As presenters, people tend to fall into two opposing ‘choreography’ camps when they’re in front of a group – you may recognise yourself here:
- You stand stock-still (often hiding behind – even hanging onto – the lectern), barely twitching except to advance a slide
Advantage: you feel better because you’re in a safe space (or safer – of course it’s all relative!)
Disadvantage: it’s a boring, un-engaging look for your audience, and using so little physical energy is unhelpful for you too – if you’re nervous, that adrenalin and cortisol will ‘bank up’ in your system and perpetuate any physical symptoms of nervousness. Plus you won’t be able to access enough of the energy you need to get your message across effectively
2.You do the opposite and roam the floor: like a speaking nomad looking for a place to set up camp for the night.
Advantage: you’re burning off nervous energy, so you feel a bit better than if you were standing still
Disadvantage: it’s distracting after a while, and usually arouses low-level anxiety in the audience with your constant moving about
Do you recognize either of these two styles in yourself (or others)?
As you work on your speaking skills and get the fundamentals in place, like overcoming nerves and creating a solid core message and sticking to it, you can begin to work physical placement into your preparation. You deliberately work out where you’re going to stand, when to move upstage, or away from the lectern – and there’s a solid reason behind it…and then you practise the movements enough to make them look spontaneous.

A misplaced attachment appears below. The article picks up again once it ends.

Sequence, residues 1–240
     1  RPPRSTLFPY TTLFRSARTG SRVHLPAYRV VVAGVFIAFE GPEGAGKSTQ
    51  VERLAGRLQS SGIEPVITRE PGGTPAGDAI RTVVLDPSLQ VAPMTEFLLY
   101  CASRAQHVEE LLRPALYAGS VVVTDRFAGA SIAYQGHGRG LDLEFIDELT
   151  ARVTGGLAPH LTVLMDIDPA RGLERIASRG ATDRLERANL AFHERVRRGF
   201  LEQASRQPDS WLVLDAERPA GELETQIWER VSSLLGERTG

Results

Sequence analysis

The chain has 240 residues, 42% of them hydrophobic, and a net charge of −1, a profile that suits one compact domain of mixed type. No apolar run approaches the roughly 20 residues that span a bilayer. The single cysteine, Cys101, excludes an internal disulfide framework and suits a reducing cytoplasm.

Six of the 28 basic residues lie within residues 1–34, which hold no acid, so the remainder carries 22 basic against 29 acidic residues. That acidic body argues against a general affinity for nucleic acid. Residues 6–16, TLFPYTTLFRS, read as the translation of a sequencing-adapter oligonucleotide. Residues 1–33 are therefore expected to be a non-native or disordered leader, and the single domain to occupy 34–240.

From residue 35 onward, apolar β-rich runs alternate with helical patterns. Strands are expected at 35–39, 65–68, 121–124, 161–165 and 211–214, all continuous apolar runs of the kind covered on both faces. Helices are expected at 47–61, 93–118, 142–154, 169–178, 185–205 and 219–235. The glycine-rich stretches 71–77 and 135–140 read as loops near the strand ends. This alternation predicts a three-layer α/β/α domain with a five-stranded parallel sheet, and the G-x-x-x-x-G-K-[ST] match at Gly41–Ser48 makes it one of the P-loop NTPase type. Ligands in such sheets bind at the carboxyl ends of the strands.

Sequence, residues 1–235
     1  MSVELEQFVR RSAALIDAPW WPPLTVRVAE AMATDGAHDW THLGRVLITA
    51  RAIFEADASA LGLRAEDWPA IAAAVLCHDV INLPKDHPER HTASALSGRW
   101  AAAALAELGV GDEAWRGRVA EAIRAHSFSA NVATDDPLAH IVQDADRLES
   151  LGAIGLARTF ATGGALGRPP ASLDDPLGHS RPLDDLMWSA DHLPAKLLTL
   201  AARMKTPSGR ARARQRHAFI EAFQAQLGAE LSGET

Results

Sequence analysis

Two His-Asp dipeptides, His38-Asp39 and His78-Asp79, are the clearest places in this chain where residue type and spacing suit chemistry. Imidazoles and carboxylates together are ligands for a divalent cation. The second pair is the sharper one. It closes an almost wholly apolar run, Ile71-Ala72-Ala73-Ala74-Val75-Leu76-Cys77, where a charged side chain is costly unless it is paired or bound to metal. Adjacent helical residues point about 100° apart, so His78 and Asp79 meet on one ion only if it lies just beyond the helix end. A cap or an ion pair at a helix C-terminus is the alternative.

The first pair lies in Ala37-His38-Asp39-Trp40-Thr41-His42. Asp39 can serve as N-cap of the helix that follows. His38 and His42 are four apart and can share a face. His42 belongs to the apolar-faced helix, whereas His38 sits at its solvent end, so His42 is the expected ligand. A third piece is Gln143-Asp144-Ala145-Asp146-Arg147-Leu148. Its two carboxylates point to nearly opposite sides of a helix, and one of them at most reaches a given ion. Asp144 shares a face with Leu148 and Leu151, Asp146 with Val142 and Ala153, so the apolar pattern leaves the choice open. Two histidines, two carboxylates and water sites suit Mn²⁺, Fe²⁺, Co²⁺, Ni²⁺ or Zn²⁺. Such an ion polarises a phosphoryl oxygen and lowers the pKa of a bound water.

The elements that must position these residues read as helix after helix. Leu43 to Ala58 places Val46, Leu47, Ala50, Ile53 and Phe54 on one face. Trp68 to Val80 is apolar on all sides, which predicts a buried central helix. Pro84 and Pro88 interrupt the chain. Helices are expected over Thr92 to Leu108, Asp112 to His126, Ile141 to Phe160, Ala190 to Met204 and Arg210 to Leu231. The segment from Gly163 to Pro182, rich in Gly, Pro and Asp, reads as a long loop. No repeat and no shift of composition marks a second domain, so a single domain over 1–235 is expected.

Please note that I am not talking about rehearsing hammy, over-the-top gestures that look like you’re auditioning for a histrionic T.V. soap! Of course that’s just going to look stage-managed and fake. What’s important is to start learning about owning the space you’re speaking in, and using that space in the most effective ways to get your message across.
- Start by looking at other speakers when they present, or watching actors if you go to the theatre. Watch how they use and own the space, or not. And if they don’t, what effect this has on their message and presence.
- With your own presentation if you have one: get the overarching structure down on paper, and, focusing on your main points, actually mark in a few points where you’re going to move deliberately.
- Simply having a new awareness about your own style can help you to start incorporating some changes. If you’re a nomad, practise standing still occasionally; if a statue, try moving towards your audience during a key point and see how it feels.
- When do you want to be a little closer to your audience? When you’re interacting is a good time for this: asking questions or getting feedback
- When would it be good to move a few steps from one side of the stage to the other? As an example, when you’re giving one side of an argument, then the other
Then you need to physically practise those moves until they come naturally.
To sum up: physically owning your speaking space is another important key for good presentations, and a great way to create high audience engagement.
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